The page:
There’s a buzz in Nashville, Baltimore, Pittsburg, Boston, D.C., Fargo, Dallas, Greenville, San Jose, Syracuse. And it’s getting loud and clear.

It goes something like this: “We want to be near everything: grocery stores, work, shops, restaurants. We don’t want to have to drive 30 minutes to get someplace.”

The noise is coming from people all ages, although the Millennials and Baby Boomers are loudest, and both the transit and real estate industries are listening.

So what’s happening? People are tired of being stuck in traffic, searching for parking, wasting precious time they could be using doing something — anything — besides sitting in a vehicle, waiting.

In response, builders are making sidewalks wider, providing a buffer zone between walkways and traffic, adding special bike parking, and even installing bike workshops to attract buyers willing to pay more for such amenities.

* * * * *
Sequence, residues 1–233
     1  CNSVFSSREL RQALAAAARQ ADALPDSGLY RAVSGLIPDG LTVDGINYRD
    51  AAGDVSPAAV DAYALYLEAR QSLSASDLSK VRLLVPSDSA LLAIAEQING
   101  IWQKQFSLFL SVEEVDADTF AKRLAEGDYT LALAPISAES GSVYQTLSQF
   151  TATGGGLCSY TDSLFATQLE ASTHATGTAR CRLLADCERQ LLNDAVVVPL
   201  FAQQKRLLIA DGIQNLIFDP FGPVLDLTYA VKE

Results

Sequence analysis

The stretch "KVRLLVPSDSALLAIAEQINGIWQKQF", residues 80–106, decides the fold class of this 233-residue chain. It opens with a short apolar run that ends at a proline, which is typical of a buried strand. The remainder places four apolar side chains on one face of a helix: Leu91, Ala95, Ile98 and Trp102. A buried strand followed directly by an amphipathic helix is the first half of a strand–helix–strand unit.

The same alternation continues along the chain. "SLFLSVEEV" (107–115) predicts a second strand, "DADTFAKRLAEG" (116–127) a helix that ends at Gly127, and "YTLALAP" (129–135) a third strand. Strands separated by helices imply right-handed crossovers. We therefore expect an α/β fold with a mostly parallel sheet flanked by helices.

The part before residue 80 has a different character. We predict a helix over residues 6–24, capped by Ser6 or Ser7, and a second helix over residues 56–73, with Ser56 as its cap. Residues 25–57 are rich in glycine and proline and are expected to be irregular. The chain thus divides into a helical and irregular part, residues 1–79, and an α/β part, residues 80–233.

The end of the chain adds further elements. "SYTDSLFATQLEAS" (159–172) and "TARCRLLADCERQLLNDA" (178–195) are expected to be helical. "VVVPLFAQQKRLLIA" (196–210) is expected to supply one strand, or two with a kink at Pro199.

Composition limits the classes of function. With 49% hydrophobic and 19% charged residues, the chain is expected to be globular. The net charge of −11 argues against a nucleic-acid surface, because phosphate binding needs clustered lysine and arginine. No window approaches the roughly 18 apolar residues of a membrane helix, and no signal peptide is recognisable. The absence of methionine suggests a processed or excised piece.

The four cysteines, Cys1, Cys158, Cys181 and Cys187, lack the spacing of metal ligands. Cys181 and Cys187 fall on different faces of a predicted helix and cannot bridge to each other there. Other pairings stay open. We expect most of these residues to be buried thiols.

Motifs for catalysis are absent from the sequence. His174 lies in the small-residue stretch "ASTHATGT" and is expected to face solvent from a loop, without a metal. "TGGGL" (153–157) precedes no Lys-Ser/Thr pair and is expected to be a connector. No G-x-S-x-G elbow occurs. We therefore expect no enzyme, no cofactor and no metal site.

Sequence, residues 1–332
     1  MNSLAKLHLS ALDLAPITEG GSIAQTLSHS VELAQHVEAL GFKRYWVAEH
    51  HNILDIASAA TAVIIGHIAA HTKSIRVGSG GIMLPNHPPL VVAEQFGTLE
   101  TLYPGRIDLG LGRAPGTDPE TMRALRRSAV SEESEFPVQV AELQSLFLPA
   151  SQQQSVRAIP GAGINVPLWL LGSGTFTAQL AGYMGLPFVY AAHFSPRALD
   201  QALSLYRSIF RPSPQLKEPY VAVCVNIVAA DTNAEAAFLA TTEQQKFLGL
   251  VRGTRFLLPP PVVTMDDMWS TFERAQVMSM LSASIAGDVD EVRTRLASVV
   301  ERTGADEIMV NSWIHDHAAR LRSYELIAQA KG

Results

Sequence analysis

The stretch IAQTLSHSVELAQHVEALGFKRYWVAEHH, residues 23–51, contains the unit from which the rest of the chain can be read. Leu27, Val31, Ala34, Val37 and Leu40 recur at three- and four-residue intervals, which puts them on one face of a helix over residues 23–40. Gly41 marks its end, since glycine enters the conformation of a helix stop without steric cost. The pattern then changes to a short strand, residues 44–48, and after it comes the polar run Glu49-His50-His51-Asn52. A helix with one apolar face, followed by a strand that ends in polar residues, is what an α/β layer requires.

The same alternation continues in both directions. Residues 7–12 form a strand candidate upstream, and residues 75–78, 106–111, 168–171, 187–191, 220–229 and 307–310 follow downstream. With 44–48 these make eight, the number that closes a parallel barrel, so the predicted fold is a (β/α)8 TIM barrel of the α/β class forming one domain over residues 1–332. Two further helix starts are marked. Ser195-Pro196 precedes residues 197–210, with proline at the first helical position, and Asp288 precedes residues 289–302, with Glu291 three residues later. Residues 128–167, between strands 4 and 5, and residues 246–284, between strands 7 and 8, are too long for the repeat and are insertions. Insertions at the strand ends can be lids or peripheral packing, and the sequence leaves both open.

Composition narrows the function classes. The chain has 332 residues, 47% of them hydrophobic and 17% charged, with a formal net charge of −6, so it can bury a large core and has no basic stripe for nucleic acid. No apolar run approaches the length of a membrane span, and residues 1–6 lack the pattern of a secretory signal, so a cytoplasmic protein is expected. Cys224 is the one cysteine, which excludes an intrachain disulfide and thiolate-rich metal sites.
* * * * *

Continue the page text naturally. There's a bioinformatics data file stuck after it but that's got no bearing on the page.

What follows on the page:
Pedestrian and bike infrastructure is prompting real-estate development. According to a September 26 WSJ article entitled “A Biker’s Paradise — For A Price,” newer buildings are installing front entrances directly off bike and pedestrian trails and away from vehicular roadways.

The buzz is about turning things around in such a way as to make walking and biking not just possible, put pleasureable and desirable.

-Allison White, Scout Cart